Wednesday, 27 June 2018

Mid-Week Flash Challenge - Week 61

This week's prompt is a picture of a sculpture by Ivan Puig, a Mexico based artist. He calls this Drowning Art and has other objects in similar scenario.  You can see more on his website (click on his name) or this article.

I tried not to go with obvious and ended up with something much darker than intended. I liked how it ties in. It worked, although I am hoping no one will be triggered by it. Read at your own risk.

The General Guidelines can be found here.

How to create a clickable link in Blogger comments can be found on lasts week's post here.



The Chairs

Damon viewed the display and began to feel sick; something was wrong. It was the chairs. It took him a few minutes to make the connection but once he did, he couldn’t disconnect from it.

They had that rough texture he knew so well, where the paint had come off and you could get splinters, especially if you were forced to sit on them naked. And the colour added to the memory: it was the same green his mother had chosen when she decorated their kitchen - these could be the same chairs.

He laughed out loud at the absurdity of the thought, and then remembered he was in public and glanced round to see if others had noticed. They hadn’t; they were working their way through the displays, many with headphones on, oblivious to him.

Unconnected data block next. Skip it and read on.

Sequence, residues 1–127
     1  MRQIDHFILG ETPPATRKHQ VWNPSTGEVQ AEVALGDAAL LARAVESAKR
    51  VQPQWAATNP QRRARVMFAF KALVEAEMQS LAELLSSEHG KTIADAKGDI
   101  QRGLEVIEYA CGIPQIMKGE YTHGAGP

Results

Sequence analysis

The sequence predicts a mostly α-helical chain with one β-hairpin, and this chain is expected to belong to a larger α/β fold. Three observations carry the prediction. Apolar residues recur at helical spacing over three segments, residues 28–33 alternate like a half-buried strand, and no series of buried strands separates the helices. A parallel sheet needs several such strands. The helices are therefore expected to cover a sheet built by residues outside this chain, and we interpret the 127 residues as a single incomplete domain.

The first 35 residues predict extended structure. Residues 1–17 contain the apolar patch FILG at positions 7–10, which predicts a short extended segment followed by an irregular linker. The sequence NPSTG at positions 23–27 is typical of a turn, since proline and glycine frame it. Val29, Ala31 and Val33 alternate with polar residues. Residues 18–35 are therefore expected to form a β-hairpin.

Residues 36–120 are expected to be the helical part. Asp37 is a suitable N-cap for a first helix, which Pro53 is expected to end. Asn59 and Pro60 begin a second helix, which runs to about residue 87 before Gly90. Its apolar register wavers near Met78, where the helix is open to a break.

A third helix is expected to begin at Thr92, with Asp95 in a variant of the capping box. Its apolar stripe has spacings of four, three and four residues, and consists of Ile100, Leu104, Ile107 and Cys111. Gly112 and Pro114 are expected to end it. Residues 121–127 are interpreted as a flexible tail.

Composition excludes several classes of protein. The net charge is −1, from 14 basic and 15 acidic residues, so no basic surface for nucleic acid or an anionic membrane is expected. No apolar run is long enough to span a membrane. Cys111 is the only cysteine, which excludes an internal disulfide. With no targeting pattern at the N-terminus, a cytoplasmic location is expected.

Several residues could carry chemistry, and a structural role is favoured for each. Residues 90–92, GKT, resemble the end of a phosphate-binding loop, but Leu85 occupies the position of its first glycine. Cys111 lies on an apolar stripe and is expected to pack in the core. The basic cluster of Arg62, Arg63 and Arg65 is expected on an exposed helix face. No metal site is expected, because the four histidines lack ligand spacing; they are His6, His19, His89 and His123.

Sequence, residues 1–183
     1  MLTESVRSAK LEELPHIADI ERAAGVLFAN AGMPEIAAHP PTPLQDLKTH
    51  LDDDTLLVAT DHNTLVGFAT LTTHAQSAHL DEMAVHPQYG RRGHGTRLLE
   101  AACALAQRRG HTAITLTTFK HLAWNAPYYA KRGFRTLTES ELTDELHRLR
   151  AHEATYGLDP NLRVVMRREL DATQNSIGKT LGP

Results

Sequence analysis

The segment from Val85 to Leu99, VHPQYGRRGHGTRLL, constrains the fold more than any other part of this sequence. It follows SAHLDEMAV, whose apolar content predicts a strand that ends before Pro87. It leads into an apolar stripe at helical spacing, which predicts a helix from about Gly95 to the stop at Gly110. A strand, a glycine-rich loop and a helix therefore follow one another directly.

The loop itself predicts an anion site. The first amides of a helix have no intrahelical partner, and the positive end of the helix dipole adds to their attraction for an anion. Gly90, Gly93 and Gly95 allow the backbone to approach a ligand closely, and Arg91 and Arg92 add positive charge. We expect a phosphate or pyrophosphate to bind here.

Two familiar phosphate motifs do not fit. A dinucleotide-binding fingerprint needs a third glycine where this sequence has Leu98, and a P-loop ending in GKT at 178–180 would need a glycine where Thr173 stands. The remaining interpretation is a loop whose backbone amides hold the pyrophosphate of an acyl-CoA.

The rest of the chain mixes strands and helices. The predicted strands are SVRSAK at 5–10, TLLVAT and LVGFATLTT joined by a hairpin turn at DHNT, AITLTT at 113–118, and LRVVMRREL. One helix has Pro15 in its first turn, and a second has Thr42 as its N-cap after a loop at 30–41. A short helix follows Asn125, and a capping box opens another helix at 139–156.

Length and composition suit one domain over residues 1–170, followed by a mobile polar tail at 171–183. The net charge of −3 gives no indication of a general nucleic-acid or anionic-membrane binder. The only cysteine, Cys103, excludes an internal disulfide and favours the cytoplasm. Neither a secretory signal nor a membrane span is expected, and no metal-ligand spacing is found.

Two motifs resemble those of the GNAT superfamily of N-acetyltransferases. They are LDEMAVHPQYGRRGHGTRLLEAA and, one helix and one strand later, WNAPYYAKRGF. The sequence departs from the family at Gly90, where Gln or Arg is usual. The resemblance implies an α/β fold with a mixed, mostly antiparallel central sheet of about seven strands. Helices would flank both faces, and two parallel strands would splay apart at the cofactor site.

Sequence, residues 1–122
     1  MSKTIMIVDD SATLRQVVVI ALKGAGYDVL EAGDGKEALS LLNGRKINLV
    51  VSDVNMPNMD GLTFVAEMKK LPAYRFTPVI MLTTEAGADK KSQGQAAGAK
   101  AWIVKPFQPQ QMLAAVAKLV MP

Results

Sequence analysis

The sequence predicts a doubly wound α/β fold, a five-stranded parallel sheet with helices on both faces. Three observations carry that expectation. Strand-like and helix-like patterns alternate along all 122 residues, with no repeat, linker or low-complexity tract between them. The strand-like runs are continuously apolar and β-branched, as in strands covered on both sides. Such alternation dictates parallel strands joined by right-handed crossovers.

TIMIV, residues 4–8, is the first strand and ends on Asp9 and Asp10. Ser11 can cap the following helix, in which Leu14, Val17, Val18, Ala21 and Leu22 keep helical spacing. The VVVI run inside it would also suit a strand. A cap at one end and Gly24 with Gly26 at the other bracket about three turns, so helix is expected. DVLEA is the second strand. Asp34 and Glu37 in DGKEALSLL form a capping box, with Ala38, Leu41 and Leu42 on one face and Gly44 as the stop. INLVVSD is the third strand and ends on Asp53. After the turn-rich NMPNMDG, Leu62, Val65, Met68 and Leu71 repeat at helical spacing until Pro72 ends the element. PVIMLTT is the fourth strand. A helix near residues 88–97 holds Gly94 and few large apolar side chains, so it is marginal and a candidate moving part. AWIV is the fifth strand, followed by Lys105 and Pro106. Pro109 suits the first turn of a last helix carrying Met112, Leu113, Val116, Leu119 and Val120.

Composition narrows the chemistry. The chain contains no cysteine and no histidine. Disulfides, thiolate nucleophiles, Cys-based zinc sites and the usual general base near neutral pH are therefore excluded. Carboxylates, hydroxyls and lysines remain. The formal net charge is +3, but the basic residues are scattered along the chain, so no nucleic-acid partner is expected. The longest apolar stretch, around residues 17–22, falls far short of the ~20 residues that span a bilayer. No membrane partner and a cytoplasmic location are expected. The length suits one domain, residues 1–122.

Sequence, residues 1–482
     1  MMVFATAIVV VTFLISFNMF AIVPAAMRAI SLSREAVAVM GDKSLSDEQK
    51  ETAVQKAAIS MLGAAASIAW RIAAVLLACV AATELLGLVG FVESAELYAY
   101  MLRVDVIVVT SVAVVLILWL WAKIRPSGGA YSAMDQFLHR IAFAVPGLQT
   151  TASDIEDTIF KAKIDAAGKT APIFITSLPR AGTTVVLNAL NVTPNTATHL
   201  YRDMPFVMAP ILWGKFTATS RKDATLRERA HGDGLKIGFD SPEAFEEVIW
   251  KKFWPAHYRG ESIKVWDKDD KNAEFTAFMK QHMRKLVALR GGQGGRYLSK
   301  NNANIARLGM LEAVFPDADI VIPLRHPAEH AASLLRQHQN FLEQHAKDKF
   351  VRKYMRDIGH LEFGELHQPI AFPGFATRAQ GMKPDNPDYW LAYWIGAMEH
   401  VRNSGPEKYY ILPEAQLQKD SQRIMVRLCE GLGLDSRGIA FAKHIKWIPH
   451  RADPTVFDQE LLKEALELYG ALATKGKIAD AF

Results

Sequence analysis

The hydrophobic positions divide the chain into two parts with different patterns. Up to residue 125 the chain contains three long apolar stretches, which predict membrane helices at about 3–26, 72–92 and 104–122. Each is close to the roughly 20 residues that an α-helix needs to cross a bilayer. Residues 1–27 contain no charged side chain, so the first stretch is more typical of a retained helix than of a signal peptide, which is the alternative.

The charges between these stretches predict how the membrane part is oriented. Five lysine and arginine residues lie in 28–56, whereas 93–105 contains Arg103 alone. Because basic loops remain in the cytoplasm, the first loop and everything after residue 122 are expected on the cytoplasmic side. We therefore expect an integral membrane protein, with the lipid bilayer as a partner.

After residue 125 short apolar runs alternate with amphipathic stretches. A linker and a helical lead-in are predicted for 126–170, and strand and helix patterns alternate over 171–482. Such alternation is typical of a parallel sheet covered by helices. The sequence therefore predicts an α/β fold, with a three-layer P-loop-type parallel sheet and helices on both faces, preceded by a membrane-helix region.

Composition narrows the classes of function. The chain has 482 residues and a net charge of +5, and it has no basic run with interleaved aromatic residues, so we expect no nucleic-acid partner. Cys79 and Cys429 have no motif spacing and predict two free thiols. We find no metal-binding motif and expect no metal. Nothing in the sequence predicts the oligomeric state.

This was a sculpture; they couldn’t be the chairs from his childhood. He looked at the information board for this exhibit. The artist had called this style ‘Drowning Art’, because it looked like they had been sucked into the ground. He read about the chairs, how they had been discarded in a skip. The artist came from his hometown. Something niggled at the back of his mind. No, they couldn’t be.  

The display was open so you could walk through the chairs. He walked up to a couple of them and looked closely at the top on the backs. He could see identical marks on either side. He knew those marks. A shot of adrenaline ran through him, and his stomach began to churn. He had spent years in therapy trying to work through the trauma he’d suffered in these chairs. His palms became sweaty and tears pricked his eyes.

He remembered the straps and how they would cut into his wrists, and how he would wriggle, trying to get free before his dad came home. That’s where the splinters in his bottom had come from. How he would start pleading the second the front door opened, his mother cold and harsh as she reminded him of the small infraction that she felt deserved this torture – anything from forgetting to flush the toilet to turning over the channel on the telly without permission. It had all depended on her mood; you could never predict what would trigger her. And his dad would just play along. Sometimes Damon thought he even relished it.

Damon’s legs felt weak as his mind was flooded with the sights and sounds of the recollection and the incredulous situation of finding the chairs here, on display, hundreds of miles from where the horrors had taken place. Here it was all laid out in front of him like this. He wished the chairs would drown and be buried forever, like his childhood.  


2 comments :

  1. Some memories haunt us forever. Wish we could bury them...
    Well described.
    Have a great week!
    Here's my story-
    The Master Artist - Anita

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    Replies
    1. I enjoyed that. Thanks for joining.

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